Potatoes are sun-lovers, so for best growth they should be planted in an area with full-sun. This is a problem when on Mars. The red planet is further away from the Sun than the Earth, and the maximum brightness of the Sun on Mars is about 44% less than that on Earth – this is comparable to the sunlight in northern Canada in midwinter. Devon Island is a location on Earth that has similar solar insolation to Mars’ equator, making it a prime spot for plant research in Mars-analogous light. The Arthur Clarke Mars Greenhouse has been constructed here in order to research extreme-environment science and operations relevant to the challenges posed by Mars, and will, in the future, teach us about the limits of plant tolerance.
While Watney’s growing space in The Martian isn’t a greenhouse, there are lights set up around the perimeter of the crops. We can assume that these are grow lights, as Watney was conducting botany experiments on Mars even before he was stranded. So perhaps the sun-loving potatoes are getting enough light after all – but will they have enough gravity?
Mars has only one third of Earth’s gravity, so what happens to plants grown under gravity less than that of Earth? Plant roots know to grow ‘down’ due to a hormone called auxin. Tests on the International Space Station show auxin still has a vertical distribution in plants grown under microgravity, showing normal growth is still possible. Random positioning machines can be used to simulate partial gravity, testing germinating seeds at Moon and Mars gravity levels in comparison to an Earth gravity control. While the growth of plants under Moon gravity suffers, plants at Mars gravity can be similar to the Earth control, suggesting that Mars’ lower gravity is not an issue. Some studies have shown low gravity to cause stress to plant cells however, so the end result is not clear in the long run.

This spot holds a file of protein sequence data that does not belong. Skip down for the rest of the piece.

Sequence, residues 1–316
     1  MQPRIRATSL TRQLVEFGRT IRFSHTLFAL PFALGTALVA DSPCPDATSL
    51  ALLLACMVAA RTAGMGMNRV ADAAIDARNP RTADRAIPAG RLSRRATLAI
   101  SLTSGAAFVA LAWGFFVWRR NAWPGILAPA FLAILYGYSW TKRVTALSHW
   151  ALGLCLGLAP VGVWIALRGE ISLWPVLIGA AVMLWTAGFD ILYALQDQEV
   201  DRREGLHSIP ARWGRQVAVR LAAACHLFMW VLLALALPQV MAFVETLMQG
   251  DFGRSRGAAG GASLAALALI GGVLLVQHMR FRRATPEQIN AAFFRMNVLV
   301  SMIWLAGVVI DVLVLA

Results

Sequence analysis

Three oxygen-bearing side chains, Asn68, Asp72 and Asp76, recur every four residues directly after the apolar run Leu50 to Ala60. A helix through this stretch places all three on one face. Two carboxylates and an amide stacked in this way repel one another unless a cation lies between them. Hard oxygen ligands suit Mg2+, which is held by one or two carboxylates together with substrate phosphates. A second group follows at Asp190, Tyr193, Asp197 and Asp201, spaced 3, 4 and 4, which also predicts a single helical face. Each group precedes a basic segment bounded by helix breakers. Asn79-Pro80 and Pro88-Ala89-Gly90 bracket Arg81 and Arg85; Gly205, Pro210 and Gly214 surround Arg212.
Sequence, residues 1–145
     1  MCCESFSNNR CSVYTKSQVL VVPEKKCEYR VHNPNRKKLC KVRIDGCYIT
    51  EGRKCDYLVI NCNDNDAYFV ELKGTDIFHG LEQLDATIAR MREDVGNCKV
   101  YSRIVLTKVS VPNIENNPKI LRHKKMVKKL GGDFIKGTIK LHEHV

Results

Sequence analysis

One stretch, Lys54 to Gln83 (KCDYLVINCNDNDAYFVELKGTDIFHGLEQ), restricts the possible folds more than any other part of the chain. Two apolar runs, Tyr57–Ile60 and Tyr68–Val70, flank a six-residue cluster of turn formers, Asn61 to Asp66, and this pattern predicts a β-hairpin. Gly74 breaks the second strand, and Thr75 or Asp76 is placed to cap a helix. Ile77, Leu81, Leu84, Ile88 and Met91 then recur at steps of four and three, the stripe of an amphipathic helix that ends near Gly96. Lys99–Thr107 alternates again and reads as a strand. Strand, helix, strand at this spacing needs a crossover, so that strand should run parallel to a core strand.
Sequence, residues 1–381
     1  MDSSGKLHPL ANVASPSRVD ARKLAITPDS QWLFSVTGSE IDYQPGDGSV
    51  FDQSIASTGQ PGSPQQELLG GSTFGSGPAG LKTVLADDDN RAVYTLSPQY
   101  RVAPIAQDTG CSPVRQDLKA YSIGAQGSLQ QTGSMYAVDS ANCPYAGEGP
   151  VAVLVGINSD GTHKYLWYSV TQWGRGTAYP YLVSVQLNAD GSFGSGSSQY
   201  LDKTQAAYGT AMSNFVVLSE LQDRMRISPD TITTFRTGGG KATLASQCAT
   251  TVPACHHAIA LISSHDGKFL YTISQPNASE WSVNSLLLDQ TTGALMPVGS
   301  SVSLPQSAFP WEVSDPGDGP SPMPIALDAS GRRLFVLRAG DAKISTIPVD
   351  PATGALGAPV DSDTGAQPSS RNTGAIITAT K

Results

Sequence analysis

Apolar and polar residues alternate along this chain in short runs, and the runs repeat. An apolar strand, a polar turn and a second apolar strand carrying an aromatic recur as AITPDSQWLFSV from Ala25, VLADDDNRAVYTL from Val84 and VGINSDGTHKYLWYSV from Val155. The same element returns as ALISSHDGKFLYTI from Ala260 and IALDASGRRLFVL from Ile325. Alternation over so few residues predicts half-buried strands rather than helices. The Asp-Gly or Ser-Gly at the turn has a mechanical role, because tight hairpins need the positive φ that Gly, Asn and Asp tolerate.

The end to Watney's journey and the start of ours?
In The Martian, potatoes are successfully harvested after 48 sols (a Martian solar day – 24 hours 39 minutes long), but the success of the venture does not last: Watney’s potato-growing is put to an abrupt end as the front of his habitat blows off, exposing his entire crop to the Martian air. The same intense cold that rendered his fertiliser safe now proves his downfall, the potatoes freeze over in an instant and the soil is sterilized.
The Martian is a work of science fiction. At present, a crewed mission to Mars remains a distant prospect rather than a reality. If we do get there, any attempt to grow crops on Mars will likely be a closely monitored and intensively resourced team effort, rather than a work of desperate improvisation. But like a lot of good science fiction, this story highlights some of the challenges humanity may one day encounter and the ways in which they might be overcome. It helps to inform our understanding of both the new threats and the new possibilities the future may present.
18 August 2020
The Astronomy and Astrophysics group at Warwick is interested in a huge range of scales across the Universe: planetary systems, how they form, live and die; stars, stellar binaries and and the exotic physical processes that they allow us to explore; as well as the transient events which mark the end of stellar lifetimes and the galaxies stars inhabit across the Universe. The group started in September 2003 and is both an observational and theoretical group. The group makes use of a wide range of ground-based telescopes, such as ESO's Very Large Telescope (VLT) in Chile and the Isaac Newton Group of telescopes (ING) in the Canary Islands, or the Atacama Large Millimetre Array (ALMA), as well as space telescopes such as NASA's Chandra and ESA's XMM-Newton X-ray observatories and the Hubble Space Telescope. The Warwick astro group partners in the four large spectroscopic surveys (DESI, SDSS-V, WEAVE, and 4MOST) that will start operations throughout 2020-2021.
IMAGE CREDIT: NASA, @MARSCURIOSITY.